4. 4. P. Du et al. 4 (2) For each ridge line with its gap number less than a certain threshold, search the nearest maximum point at the next adjacent scale, row ! n "1 in the coefficient matrix. The maximum allowed distance between the nearest points should be less than the sliding window size at that scale level. If there is no closest point found, the gap number of the ridge line is increased by one, or else the gap number is set to zero; (3) Save the ridge lines having gap number larger than the threshold and remove them from the searching list; (4) For the maxima points not linked to the points at the upper level, they will be initiated as new ridge lines; (5) Repeat steps 2 to 4, until it reaches the smallest scale row ! n =1 in the CWT coefficient matrix. The identified ridge lines are shown in Figure 2.c. The colors of the dots represent the relative strength of the coefficients. Blue represents high (the maximum CWT coefficients in the picture) and yellow represents close to zero. Comparing Figure 2.b and c, we can see a high degree of correlation. Definition of the Signal to Noise Ratio (SNR) Before defining the SNR in the wavelet space, signal and noise must be defined first. Based on the assumption that the real MS peaks have an instrument-specific characteristic shape, the signal strength of a peak is defined as the maximum CWT coefficient on the ridge line within a certain scale range. As for the noise, we assume that it is composed of positive or negative peaks with very narrow width. Since the baseline drift has been removed by the transformation into the wavelet space, the CTW coefficients at the smallest scale ! (a =1) are a good estimate of the noise level. The local noise level of a peak is defined as the 95-percentage quantile of the absolute CWT coefficient values ! (a =1) within a local win- dow surrounding the peak. A minimum noise level can be provided to avoid the noise level close to zero, which could happen when some region is very smooth. Thus, the SNR is defined as the ratio of the estimated peak signal strength and the local noise level of the peak. Identify the peaks based on the ridge lines Three rules are defined to identify the major peaks: (1) The scale corresponding to the maximum amplitude on the ridge line, which is proportional to the width of the peak, should be within a certain range; (2) The SNR should be larger than a certain threshold; (3) The length of ridge lines should be larger than a certain threshold; Usually, there are small peaks around the major peaks, which are commonly assigned as polypeptide adducts with the matrix mole- cules. These peaks have shorter ridge lines than the major strong peaks. By reducing the threshold of rule 3 in the surrounding area of major peaks, the small surrounding peaks can be easily identi- fied. The proposed algorithm provides an option to do this. The algorithm also allows changing the threshold in rule 1 and 3 over the m/z value, which can better reflect the peak width changing over the m/z value. The proposed algorithm provides two options to estimate the peak position. One way is following the ridge line from high scale to the small scale, the position at some small scale estimates the position of the peak maximum; another way is to estimate the peak centroid position based on the maximum CWT coefficient within certain scale range on the ridge line. The first method provides the results similar with other conventional peak detection algorithms. While the peak center estimation usually is more consistent over multiple spectra. In Figure 2.a, the identified peaks with the default setting are marked as red circles at the peak maxima position, which also include the nearby small peaks of the strong peaks. Refine the peak parameter estimation For the computational efficiency, peak identification is based on the CWT coefficients at selected scales. As a result, only the ap- proximate peak strength, peak width and peak center position can be estimated. If a better estimate of peak parameters is required, the CWT needs to be performed over refined scales. Since we have already estimated the approximate peak parameters, for each iden- tified peak, additional calculations of CWT only need to be per- Figure 3 Evaluate the identified peaks of CWT-based algorithm with known polypeptide positions. (a) Raw MS spectrum with peaks identified by CWT-based algorithm marked with red circles. Vertical dotted lines indicate the location of known polypeptides with different charge number; (b) SNR of the peaks calculated in CWT-based algorithm with identified peaks plotted as red.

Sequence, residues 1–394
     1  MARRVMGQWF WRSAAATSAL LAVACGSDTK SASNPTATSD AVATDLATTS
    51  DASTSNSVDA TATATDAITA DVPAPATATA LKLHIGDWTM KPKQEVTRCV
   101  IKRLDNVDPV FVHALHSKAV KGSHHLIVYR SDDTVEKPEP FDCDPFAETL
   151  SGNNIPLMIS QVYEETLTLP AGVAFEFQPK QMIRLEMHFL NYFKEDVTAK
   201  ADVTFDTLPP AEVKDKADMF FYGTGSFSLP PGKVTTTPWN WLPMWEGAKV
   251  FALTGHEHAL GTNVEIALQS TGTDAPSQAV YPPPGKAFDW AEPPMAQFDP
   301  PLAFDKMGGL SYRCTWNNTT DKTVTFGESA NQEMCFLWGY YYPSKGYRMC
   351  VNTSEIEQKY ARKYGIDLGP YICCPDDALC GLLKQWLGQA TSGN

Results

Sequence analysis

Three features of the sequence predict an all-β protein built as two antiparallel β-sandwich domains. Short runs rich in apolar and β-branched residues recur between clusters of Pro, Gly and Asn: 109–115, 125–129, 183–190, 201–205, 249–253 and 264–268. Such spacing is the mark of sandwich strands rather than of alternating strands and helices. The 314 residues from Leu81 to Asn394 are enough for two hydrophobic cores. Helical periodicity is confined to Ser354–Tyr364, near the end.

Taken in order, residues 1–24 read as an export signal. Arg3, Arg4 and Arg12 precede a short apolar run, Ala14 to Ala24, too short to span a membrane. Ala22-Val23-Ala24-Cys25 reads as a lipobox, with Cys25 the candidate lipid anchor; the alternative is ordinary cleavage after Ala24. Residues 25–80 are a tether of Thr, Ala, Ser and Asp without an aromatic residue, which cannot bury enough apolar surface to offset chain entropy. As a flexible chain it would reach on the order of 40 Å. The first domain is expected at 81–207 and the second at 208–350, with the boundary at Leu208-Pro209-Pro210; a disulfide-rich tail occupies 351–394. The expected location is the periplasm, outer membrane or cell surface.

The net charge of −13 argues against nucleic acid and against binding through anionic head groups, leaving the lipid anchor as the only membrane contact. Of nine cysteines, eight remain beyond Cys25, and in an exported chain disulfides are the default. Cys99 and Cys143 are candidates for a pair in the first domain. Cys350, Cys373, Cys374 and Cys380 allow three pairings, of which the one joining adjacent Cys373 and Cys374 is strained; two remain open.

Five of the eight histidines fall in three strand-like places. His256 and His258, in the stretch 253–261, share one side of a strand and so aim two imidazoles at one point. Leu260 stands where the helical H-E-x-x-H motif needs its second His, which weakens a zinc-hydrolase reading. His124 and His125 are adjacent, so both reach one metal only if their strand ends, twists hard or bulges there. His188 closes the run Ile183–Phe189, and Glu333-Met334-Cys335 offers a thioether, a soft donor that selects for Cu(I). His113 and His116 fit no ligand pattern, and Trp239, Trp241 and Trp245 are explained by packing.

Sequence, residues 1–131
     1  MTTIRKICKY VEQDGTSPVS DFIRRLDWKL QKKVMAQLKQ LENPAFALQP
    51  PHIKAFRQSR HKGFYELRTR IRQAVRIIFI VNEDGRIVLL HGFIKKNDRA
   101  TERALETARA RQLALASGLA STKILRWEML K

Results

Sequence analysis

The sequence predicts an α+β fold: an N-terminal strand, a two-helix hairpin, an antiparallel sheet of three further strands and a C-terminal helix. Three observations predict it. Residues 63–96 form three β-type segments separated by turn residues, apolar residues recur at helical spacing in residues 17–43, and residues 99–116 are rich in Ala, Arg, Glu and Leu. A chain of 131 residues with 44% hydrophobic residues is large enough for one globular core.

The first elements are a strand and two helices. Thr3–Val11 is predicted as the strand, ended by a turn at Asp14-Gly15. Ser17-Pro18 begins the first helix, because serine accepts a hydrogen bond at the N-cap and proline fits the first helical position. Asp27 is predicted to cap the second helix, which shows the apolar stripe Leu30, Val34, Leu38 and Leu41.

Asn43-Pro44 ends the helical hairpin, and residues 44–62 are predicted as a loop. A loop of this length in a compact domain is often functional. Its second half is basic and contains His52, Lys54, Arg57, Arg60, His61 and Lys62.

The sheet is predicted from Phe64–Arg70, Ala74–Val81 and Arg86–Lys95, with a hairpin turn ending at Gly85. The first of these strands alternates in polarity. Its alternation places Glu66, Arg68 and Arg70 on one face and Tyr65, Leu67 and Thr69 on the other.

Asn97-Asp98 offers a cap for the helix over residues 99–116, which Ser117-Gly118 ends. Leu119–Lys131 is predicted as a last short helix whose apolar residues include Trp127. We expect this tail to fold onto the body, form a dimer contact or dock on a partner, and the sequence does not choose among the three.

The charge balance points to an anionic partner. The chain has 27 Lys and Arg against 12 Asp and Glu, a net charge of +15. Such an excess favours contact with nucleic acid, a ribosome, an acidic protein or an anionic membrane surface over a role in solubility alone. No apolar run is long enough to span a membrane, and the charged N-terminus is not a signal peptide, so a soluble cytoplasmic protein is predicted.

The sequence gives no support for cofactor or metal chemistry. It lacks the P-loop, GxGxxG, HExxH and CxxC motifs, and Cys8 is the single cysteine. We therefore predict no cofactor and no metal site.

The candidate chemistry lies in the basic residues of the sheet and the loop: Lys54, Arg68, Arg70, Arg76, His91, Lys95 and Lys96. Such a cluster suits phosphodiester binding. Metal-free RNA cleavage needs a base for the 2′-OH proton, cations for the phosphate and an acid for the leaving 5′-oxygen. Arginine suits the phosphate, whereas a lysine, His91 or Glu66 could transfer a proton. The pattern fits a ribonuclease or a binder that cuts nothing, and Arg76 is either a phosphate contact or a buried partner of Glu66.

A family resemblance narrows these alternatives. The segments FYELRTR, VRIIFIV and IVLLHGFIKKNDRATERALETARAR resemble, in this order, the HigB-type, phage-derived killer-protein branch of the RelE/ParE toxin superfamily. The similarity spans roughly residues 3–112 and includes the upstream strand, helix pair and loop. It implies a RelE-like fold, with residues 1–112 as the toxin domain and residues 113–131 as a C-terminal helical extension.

5. 5. Improved Peak Detection in Mass Spectrum by Incorporating Continuous Wavelet Transform-based Pattern Matching 5 formed over defined segments of MS spectrum (twice the support range of the CWT wavelet at the largest scale) surrounding the estimated peak center, and over the refined CWT scales. Other steps in peak identification are performed as previously. Finally, the refined peak parameter estimation can be obtained using the additional calculations. 3 RESULTS A reference MS data set of known polypeptide compositions and positions was used to evaluate the algorithm, since it provides the opportunity to determine the false positive and false negative peak detection rates. The CAMDA 2006 data set (CAMDA, 2006) of All-in-1 Protein Standard II (Ciphergen Cat. # C100-0007) was the reference data set. The MS spectra were measured on Ciphergen NP20 chips. There are 7 polypeptides in the sample with the m/z values of 7034, 12230, 16951, 29023, 46671, 66433, and 147300. Figure 3 shows the result of one MS spectrum. In Figure 3.a, the identified peaks are marked with red circles; the vertical lines rep- resent the known positions of the 7 polypeptides with multiple changes. By comparing the vertical lines and the identified peaks, we can see the algorithm identified 6 of the 7 polypeptides with both one and two charges, except the one at the very high end of the spectrum (m/z = 147300) which is undetectable because of the low laser energy used in data acquisition. Also detected are three polypeptides with three charges, and 2 polypeptides with 4 charges. Meanwhile, there is only one isolated false positive identi- fication at 5184, which has relatively low SNR and could be a decomposition product or a contaminant in the sample. Figure 3.a also shows an enlarged spectrum from 21500 to 24000. We can identify two peaks buried in the noise, which indicates that the algo- rithm, by utilizing the information available in the shape of the peak, can detect weak peaks without increasing the false discovery rate. Figure 3.b shows the SNR values corresponding to the peaks in Figure 3.a, with the SNR of the identified peaks shown as red color. We can see most of the identified peaks have much higher SNR than their surrounding peaks. Figure 5 Evaluate the identified peaks by wavelet denoising method with known polypeptide positions. (a) Baseline removed and smoothed MS spectrum; (b) Estimated SNR. Other annotations are the same as Figure 3. Figure 4 Evaluate the identified peaks by PROcess method with known polypeptide positions. (a) Baseline removed and smoothed MS spectrum with peaks identified peaks; (b) Estimated SNR; Other annotations are the same as Figure 3.